Nick Bottom is a character in Shakespeare's A Midsummer Night's Dream who provides comic relief throughout the play, and is famously known for getting his head transformed into a donkey by the elusive Puck within the play. Bottom and Puck are the only two characters who interact with and progress the three central stories in the whole play, Puck is the one who is first introduced in the fairies' story and creates the drama of the lovers' story by messing up who loves whom, as well as placing the donkey's head on Bottom's in his story. Similarly Bottom is performing in a play in his story intending it to be presented in the lover's story as well as interacting with Titania in the fairies' story.
Nick Bottom is a member of a theatrical troupe known as the Mechanicals, who perform a play within the play. They are foolish and clumsy men, all of whom are craftsmen in Athens: Bottom, the weaver; Snout, the tinker; Snug, the joiner; Starveling, the tailor; Flute, the bellows-mender; and Peter Quince, the carpenter. The Mechanicals—sometimes called the Hempen Homespuns—led by Peter Quince, are rehearsing a play, Pyramus and Thisbe (written by Peter Quince) in hopes of performing for Duke Theseus on his wedding day and perhaps even being awarded "six pence a day" for life, really a small reward for these six men. Bottom is given the lead role of Pyramus in the play, and something of a power struggle ensues between Bottom, a charismatic natural leader, and Quince, the somewhat nervous playwright attempting to direct his own play.
While they are in the woods rehearsing, the fairy Puck, a mischievous sprite and minion of Oberon, king of the fairies, happens upon their rehearsal. He decides to have some fun with them, carrying out part of Oberon's orders in the process, and when Bottom (as Pyramus) exits the stage, he transforms his head into a donkey's. When Bottom returns, unaware of his own transformation, his fellow actors run away from him with Quince screaming, "We are haunted!" Bottom believes they are playing a prank on him, proclaiming, "This is to make an ass of me, to fright me if they could." So he stays in the forest by himself and sings loudly to show them he is not afraid. The Fairy Queen Titania is awakened by Bottom's song. She has been enchanted by a love potion made from the juice of a rare flower, once hit by Cupid's arrow, that her husband, Oberon, King of the Fairies, spread on her eyes in an act of jealous rage. During his enchantment over her, he utters "Wake when some vile thing is near." The first thing she sees when she wakes is the transformed Bottom, and she immediately falls in love with him. She even commands her fairy minions to serve and wait upon him. Later, Oberon finally releases Titania from her enchantment. After being confronted with the reality that her romantic interlude with the transformed Bottom was not just a dream, she is disgusted with the very image of him and also seems very suspicious of how "these things came to pass." After Oberon instructs Puck to return Bottom's head to his human state, which Puck reluctantly does, the fishermen leave him sleeping in the woods, nearby the four Athenian lovers, Demetrius, Helena, Hermia, and Lysander.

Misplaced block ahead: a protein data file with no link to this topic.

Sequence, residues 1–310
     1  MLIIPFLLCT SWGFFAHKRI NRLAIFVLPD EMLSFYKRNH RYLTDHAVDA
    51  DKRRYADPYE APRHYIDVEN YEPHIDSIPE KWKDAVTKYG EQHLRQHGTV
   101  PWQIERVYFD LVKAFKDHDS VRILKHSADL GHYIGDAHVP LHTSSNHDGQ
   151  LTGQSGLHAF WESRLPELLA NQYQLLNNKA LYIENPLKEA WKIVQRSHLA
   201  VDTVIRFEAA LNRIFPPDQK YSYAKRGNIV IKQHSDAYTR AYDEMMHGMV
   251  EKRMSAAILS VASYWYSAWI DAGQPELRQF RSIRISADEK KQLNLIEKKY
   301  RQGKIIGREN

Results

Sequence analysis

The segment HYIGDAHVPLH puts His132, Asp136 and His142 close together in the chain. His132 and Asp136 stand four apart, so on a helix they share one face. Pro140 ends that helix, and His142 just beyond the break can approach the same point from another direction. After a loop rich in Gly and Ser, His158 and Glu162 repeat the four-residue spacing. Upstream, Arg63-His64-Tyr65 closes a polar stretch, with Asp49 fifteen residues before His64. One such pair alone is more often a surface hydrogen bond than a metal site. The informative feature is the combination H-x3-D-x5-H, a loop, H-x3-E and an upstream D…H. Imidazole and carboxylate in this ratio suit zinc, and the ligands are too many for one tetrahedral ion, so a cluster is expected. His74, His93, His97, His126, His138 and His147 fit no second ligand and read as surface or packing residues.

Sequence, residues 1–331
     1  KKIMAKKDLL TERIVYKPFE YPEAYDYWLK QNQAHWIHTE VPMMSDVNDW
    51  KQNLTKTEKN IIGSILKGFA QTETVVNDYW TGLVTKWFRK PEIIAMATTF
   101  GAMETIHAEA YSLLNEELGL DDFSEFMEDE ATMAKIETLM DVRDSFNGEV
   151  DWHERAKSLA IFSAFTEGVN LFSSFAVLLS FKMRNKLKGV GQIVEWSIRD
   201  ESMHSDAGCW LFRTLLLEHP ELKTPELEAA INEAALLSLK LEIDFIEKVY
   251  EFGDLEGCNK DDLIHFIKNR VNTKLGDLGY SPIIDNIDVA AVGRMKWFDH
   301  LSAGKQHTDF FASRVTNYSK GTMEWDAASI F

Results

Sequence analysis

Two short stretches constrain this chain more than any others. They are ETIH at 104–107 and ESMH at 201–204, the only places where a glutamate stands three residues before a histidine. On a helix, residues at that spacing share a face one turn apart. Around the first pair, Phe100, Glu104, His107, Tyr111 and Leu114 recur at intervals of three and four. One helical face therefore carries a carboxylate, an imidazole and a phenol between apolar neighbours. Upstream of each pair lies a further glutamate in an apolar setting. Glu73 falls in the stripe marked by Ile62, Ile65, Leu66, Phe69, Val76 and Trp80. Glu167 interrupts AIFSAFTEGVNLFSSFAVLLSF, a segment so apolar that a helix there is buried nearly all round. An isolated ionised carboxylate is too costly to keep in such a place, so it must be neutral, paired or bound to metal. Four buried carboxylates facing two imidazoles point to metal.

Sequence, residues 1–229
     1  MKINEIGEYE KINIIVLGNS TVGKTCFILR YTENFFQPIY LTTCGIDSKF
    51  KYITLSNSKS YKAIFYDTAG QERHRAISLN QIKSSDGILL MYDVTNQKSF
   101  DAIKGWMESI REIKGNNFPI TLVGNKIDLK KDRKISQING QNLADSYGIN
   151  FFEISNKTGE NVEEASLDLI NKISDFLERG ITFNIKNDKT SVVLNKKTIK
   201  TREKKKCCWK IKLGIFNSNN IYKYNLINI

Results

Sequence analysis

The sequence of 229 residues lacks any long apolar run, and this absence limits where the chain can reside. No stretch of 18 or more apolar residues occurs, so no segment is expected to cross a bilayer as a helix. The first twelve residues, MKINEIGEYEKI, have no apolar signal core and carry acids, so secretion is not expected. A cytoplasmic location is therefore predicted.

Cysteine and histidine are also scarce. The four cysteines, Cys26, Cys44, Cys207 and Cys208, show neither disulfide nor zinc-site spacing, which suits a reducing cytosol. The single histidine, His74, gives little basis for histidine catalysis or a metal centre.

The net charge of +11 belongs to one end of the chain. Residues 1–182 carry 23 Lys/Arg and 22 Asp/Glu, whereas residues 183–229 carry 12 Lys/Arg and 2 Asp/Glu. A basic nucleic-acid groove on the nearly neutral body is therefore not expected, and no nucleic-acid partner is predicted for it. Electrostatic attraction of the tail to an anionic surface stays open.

He wakes up after the lovers leave. His first thought is that he has fallen asleep in the woods during rehearsal and has missed his cue. He quickly realizes he has had "a most rare vision". He is amazed by the events of this dream, and soon begins to wonder if it was in fact a dream at all. He quickly decides that he will "get Peter Quince to write a ballad of this dream", and that "it shall be called 'Bottom's Dream,' because it hath no Bottom". Upon being reunited with his friends, he is not even able to utter what has happened and says "For if I tell you, I am no true Athenian".
Theseus ends up choosing Pyramus and Thisbe as the performance for his amusement, now also the wedding day of the young Athenian lovers. The play is poorly written and poorly acted, though obviously performed with a great deal of passion. Bottom performs the famous Pyramus death scene in the play within the play, ironically one of the most comedic moments in the play.
In performance, Bottom, like Horatio in Hamlet is the only major part that can't be doubled, i.e. that can't be played by an actor who also plays another character, since he is present in scenes involving nearly every character.
Critics have commented on the profound religious implications of Bottom’s speech on his awakening without the ass’s head in act 4 of A Midsummer Night’s Dream:
"[. . .] The eye of
man hath not heard, the ear of man hath not seen,
man’s hand is not able to taste, his tongue to conceive,
nor his heart to report, what my dream was. I
will get Peter Quince to write a ballad of this
dream: it shall be called ‘Bottom’s Dream’, because
it hath no bottom; and I will sing it in the latter end
of a play, before the Duke. Peradventure, to make it the
more gracious, I shall sing it at her death." (4.1.209–216)
"The things which
eye hathe not sene, nether eare hath heard,
nether came into man's heart, are, which
God hathe prepared for them that love him.
But God hathe reveiled them unto us by
his Spirit: for the Spirit searcheth all
things, yea, the deepe things of God."
Steven Doloff also suggests that Bottom's humorous and foolish performance at the end of "A Midsummer Night's Dream" mimics a passage from the previous chapter of Corinthians:
"For seing the worlde by wisdome knewe
not God in the wisdome of God, it pleased
God by the foolishnes of preaching